The empty office of the Planned Parenthood Center in Kentucky, where a court this week reinstated a near-total ban on abortion.

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The empty office of the Planned Parenthood Center in Kentucky, where a court this week reinstated a near-total ban on abortion.

John Cherry/Getty Images

Creating messages for different constituencies

Campaign tactics that work in Kansas might not be acceptable in a swing state like Michigan or Florida, said Rachel Rebush, professor of reproductive and family law at Temple University.

“What voters will react to will depend on where they are, on the culture they find themselves in,” she said in an interview with NPR.

In Kansas, the abortion rights campaign was successful with reports of autonomy and abuse of power. (One TV commercial paired the words “government mandate” with a photo of a sign urging business customers to wear face masks..) Many of his mailing lists and advertisements avoided the word “abortion” altogether.

“It really wove together a set of messages about the aftermath, but also appealed to how the campaign thought Kansas voters would react,” Rebusch said.

Other advertisements in Kansas presented the proposed amendment as too extreme for Kansans, pointing to language that would allow legislators to pass restrictions on abortion “including, but not limited to, laws that take into account the circumstances” of rape, incest, or life is under threat.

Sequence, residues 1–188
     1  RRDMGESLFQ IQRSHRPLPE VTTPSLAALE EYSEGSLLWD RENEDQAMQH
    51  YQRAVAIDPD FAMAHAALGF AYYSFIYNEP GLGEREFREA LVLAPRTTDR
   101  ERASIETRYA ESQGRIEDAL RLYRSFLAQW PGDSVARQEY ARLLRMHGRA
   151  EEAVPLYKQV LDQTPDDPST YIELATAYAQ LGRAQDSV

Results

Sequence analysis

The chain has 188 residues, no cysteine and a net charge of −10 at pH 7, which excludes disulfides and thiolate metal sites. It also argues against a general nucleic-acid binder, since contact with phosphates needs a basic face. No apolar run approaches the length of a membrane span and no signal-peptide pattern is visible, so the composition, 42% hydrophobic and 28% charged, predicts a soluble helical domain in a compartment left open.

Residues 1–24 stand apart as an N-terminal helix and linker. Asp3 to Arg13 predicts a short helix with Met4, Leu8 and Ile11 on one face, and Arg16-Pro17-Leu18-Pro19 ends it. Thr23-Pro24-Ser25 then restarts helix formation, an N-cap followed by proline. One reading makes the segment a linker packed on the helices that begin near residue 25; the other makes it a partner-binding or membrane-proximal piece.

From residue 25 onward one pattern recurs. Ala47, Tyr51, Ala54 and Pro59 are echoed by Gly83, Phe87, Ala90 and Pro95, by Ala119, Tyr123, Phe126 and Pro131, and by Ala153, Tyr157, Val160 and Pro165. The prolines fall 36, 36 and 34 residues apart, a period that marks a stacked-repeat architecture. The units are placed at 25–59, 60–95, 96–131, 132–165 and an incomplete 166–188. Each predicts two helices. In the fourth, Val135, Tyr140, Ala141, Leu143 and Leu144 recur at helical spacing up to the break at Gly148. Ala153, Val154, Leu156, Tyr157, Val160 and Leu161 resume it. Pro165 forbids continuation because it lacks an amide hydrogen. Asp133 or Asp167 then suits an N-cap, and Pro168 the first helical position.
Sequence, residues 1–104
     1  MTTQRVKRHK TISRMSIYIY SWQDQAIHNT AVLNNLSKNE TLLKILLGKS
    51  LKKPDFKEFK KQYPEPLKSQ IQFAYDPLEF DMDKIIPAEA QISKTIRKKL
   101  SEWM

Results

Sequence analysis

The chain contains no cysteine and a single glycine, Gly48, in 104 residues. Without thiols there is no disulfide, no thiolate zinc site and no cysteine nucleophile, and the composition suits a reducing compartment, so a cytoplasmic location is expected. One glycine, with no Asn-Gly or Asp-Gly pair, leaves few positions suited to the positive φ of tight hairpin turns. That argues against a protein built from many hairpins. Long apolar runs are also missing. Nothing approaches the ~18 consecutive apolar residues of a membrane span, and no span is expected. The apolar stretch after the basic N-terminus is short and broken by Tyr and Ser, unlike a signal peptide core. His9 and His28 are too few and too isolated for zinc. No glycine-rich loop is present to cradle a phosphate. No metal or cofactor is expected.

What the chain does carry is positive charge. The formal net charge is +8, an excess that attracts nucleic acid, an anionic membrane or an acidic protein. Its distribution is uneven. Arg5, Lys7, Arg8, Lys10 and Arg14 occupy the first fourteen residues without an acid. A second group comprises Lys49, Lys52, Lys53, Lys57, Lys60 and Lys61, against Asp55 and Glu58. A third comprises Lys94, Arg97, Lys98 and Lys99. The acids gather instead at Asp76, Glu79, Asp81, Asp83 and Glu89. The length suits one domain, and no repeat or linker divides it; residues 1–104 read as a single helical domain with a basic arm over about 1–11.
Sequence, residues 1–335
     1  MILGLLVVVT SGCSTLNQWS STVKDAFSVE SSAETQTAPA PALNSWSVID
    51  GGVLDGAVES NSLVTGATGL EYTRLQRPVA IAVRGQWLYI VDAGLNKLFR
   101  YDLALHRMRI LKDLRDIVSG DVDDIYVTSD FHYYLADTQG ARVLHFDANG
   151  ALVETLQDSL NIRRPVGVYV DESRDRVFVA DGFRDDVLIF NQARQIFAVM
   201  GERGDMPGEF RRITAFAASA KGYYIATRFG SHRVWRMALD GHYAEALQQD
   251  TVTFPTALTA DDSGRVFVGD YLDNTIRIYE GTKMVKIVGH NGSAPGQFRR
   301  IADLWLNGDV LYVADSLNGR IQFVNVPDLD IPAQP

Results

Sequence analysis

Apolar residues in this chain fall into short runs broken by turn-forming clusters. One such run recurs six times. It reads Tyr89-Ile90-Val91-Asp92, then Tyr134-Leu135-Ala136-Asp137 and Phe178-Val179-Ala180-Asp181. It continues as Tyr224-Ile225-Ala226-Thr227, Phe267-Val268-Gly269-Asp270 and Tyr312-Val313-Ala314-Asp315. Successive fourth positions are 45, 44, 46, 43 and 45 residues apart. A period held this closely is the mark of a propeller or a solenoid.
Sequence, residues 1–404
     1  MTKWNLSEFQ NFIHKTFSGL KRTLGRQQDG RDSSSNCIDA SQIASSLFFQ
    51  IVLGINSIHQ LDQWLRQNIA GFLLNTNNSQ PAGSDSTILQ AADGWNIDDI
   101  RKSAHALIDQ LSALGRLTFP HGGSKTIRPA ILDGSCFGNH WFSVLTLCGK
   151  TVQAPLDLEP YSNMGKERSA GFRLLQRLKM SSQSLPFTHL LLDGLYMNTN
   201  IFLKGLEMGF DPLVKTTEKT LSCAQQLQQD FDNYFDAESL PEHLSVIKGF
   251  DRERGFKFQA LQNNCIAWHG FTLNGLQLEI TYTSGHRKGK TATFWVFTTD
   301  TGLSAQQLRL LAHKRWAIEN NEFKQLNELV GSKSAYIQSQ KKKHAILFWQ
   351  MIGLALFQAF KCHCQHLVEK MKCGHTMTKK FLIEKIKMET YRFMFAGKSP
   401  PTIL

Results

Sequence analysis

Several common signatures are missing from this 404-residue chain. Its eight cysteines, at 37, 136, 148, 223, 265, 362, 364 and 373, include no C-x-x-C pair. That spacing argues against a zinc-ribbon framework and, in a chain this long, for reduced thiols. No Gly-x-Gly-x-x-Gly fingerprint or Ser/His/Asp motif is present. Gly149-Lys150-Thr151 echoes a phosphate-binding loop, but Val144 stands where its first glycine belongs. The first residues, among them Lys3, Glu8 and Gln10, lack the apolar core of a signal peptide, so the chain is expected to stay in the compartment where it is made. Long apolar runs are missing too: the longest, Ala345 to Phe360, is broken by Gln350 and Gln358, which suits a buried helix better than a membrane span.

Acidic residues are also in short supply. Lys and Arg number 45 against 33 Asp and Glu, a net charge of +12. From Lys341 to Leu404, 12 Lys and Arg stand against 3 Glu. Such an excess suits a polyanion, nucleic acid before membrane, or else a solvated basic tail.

More noise to cut in November

The wording “may have been a factor” in the failure of the measure, said Vuchner of Kentucky Right to Life, calling the wording “confusing”.

“People are not accustomed to discussing all factual issues like legislators. And maybe it was too much wording,” she said. This may have opened the door for opponents of the “fear-mongers” amendment, she added.

The measure of voting in Kentucky is simpler. The state constitution will be amended as follows: “For the protection of human life, nothing in this Constitution shall be construed to provide or protect the right to abortion or require funding for abortion.”

In contrast, the proposed amendment in Michigan, which would add protection for abortion rights to the state constitution rather than abolish them, as in Kansas or Kentucky, is far more complex, at over 300 words. (Although this measure is not yet officially on the ballots, its wording has already been criticized by opponents of the right to abortion..)

Another variable could be the wider choice of options facing voters in November. In Kansas, only voters registered with a particular party can vote in that party’s primary, meaning that any independent voter voted on Tuesday to include only the issue of abortion.

In November, voters will weigh other races as well, choosing between candidates with positions on a range of issues. This could boost turnout for a variety of reasons, including inflation, which Republican voters call a “very important” issue much more often than abortion. according to new YouGov polls as well as Kaiser Family Foundation.

“No matter what, we will treat this as an uphill battle because we need to put in all the effort and all the resources we have to defeat this amendment,” Kentucky ACLU’s Crankshaw said.